A + B —> C + D > E
To preserve the yield, it is best to separate the two phases and mix them just before the production of “E” begins.
U.S. patent no. 7,078,524 discusses a chemical reaction where two isomers are produced. One is a desired pharmaceutical product and the other cannot be converted to a saleable product. However, the overall process yield is improved if the undesired isomer is isolated and recycled after separation. The process suggested in the patent can be significantly simplified through creative solvent selection. Were the described process to be commercialized as indicated in the patent, it would be cumbersome and would extend the batch cycle time significantly.
However, through proper solvent selection, the “undesired” isomer can be recycled in situ, the process could be not only simplified, but process yield would be improved. This is an example of how human creativity, along with the ability to finesse physical characteristics, could generate a better process — a possible “Eureka” moment.
For any reactive chemical process, solvent selection is extremely important, especially where phase separation is involved. Greater difference in densities facilitates and accelerates phase separation. Recognize that solution density increases as more solid is dissolved in a solvent. If the densities of the solutions to be separated approach each other, separation can become a challenge, and will take longer. Thus it is important to choose solvents such that there is a noticeable density difference under the process conditions. This difference can hasten the separation, lowering the processing time. From a manufacturing standpoint reduced process time through a faster separation is important.
Capitalizing on exotherm
Due to equipment capability limitations during process development in the laboratory, the exotherm is controlled either by lowering the reaction temperature with ice or chilled water, or by slowing the raw-material addition rate. When such processes are scaled-up, the same practice continues. These methods work, but they extend the reaction time and reduce the process productivity.
It is well known that raising the reaction temperature speeds the reaction rate and can improve yield. A reaction exotherm can be very effectively controlled by the efficient use of heat exchangers. Commercial technologies exist for doing this. What variables can be manipulated (such as, feed method, flow, flowrate, temperature control, and so on) and how they are controlled, will improve profits through the development of a simpler and more sustainable process.
Controlling exotherms effectively, and as soon as they happen, using heat exchangers can not only improve the process yield, but makes the process safer and prevents formation of color bodies that can occur due to localized heat generation. Inline heat exchangers in a pump-around system represent one of the methods. Other methods are situation dependent.
Creating excellent processes
Engineers are routinely educated about the physical and chemical properties of common reactants, solvents and products. However, they generally are not taught how to creatively exploit them to develop processes that are simple, sustainable and economical. Finding methodology to finesse these properties into simplified processes comes from a firm understanding of the properties, and from previous experience. Chemical properties must be integrated with the correct unit operations and proper stoichiometry control to produce a quality product. Such processes will be more robust, economical and will require minimal in-process testing of intermediates. Products will have consistent and repeatable quality, and therefore, lower cost. Incomplete understanding and poor manipulation of the physical properties of the chemicals in a process and their interactions can lead to quality issues. It would be like composing a musical piece where the notes are poorly placed and required fine tuning each time the composition is performed.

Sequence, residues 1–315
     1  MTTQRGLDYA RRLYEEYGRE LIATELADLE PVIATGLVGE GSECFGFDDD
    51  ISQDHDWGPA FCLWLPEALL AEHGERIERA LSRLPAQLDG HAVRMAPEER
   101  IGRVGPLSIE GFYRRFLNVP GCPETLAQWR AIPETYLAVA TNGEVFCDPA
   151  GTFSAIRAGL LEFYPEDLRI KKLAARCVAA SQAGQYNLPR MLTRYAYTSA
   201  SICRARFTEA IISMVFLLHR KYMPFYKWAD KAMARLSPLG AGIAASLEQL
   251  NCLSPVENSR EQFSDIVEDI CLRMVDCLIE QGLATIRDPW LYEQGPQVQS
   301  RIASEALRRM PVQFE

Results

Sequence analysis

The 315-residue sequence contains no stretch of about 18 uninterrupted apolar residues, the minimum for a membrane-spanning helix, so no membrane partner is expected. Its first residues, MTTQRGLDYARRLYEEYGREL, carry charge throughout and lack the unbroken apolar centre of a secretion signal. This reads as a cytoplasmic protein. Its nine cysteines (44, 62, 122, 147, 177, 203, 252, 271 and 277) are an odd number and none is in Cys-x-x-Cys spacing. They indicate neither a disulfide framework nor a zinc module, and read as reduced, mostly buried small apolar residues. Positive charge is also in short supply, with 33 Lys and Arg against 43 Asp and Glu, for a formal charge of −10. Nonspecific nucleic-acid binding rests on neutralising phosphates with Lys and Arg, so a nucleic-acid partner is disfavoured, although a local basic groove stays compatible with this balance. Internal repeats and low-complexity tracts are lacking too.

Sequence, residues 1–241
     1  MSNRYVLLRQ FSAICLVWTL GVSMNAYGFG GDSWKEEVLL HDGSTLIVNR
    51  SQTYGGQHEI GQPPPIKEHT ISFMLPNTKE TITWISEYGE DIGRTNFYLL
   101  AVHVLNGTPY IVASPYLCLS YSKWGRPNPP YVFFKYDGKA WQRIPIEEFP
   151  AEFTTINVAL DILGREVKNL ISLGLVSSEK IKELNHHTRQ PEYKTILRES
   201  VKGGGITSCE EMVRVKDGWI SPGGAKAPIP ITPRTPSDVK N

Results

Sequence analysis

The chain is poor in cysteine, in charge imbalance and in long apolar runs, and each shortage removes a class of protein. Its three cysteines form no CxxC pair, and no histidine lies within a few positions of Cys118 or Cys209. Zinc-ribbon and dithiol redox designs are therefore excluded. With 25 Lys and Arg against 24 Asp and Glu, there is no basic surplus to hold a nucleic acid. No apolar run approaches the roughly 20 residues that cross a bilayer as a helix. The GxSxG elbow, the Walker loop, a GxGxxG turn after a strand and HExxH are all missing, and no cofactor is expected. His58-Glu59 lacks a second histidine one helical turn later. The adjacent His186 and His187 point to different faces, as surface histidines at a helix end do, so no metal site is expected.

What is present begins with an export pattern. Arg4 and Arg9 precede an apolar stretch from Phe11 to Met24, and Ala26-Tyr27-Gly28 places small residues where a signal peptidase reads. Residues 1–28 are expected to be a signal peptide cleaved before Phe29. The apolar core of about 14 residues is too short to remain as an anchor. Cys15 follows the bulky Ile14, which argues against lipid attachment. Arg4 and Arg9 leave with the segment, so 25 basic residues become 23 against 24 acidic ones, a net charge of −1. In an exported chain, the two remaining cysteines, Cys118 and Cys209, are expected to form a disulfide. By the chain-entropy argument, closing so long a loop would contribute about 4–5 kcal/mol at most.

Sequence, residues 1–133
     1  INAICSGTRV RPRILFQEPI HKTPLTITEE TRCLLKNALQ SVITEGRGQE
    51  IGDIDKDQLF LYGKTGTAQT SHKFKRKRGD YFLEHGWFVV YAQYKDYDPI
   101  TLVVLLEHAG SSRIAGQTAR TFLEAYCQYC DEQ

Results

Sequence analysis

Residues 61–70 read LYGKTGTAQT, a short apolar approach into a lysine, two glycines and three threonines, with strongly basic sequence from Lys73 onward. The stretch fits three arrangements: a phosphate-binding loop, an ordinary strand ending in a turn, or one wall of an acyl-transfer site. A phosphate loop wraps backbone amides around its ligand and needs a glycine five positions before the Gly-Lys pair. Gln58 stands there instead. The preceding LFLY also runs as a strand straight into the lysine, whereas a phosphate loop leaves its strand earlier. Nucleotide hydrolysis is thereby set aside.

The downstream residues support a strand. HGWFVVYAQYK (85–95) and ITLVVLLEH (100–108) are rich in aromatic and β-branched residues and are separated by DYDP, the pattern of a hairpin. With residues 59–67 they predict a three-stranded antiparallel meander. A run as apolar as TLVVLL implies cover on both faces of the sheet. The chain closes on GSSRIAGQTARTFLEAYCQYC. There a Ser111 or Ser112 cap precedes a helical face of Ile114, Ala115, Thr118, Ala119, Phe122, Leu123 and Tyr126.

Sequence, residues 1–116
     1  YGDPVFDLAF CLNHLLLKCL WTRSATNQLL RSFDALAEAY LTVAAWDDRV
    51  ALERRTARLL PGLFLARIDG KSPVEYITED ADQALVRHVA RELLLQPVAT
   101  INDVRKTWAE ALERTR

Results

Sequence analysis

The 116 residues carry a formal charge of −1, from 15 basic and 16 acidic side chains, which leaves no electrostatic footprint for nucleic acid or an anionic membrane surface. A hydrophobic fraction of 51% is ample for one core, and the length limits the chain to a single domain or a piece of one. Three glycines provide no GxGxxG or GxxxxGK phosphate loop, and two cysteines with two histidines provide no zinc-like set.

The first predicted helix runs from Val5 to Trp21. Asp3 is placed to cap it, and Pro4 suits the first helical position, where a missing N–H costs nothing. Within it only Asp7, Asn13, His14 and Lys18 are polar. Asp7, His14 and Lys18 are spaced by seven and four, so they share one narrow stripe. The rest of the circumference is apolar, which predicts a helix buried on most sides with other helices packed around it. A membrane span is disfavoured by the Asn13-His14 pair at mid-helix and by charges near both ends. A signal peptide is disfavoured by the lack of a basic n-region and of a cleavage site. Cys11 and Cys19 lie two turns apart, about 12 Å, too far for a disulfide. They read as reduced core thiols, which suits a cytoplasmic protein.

Working with creative people who are “masters in manipulation” of chemical properties helps a great deal. Additional examples and methods to those discussed in this article can be found in .
Establishing processes that yield the desired quality and that require minimal (or no) testing of process intermediates should be the goal of chemists and engineers involved with both chemicals and pharmaceuticals. Most existing chemical processes can be simplified and improved as part of a “continuous improvement” exercise by fine tuning, using design of experiments and other similar tools. However, changes to processes and products requiring regulatory approval (such as pharmaceuticals) pose a cost and time challenge in this area, since process adjustments to a product that has been approved would require re-approval, and that can be an expensive undertaking.
A key challenge for chemists and process engineers in both the chemical and pharmaceutical arenas is to gain a comprehensive understanding of the nuances of the physical properties of the chemicals they work with, and to think carefully — from the earliest stages of process design and development — about how to leverage those properties to create a simple process.
Edited by Scott Jenkins
1. Malhotra, G. “Chemical Process Simplification: Improving Productivity and Sustainability,” John Wiley & Sons, Hoboken, N.J., 2011.
Girish Malhotra is president and founder of EPCOT International (29150 Bryce Road, Pepper Pike, OH 44124; Email: firstname.lastname@example.org; Phone: 216-292-0626). He has more than 43 years of industrial experience in pharmaceuticals, specialty, custom and fine chemicals, coatings, resins and polymers, additives in manufacturing, process and technology development and business development. Malhotra enhances profitability by simplifying technology and manufacturing practices using engineering and science principles. Malhotra focuses on process technology development; process simplification and quality improvement; lowering manufacturing costs; process improvements; and waste reduction. He has an M.S.Ch.E. from Clarkson University and a B.S.Ch.E from H. B. Technological University, India. Malhotra is a Member of AIChE and is a licensed professional engineer in the states of Illinois and Ohio.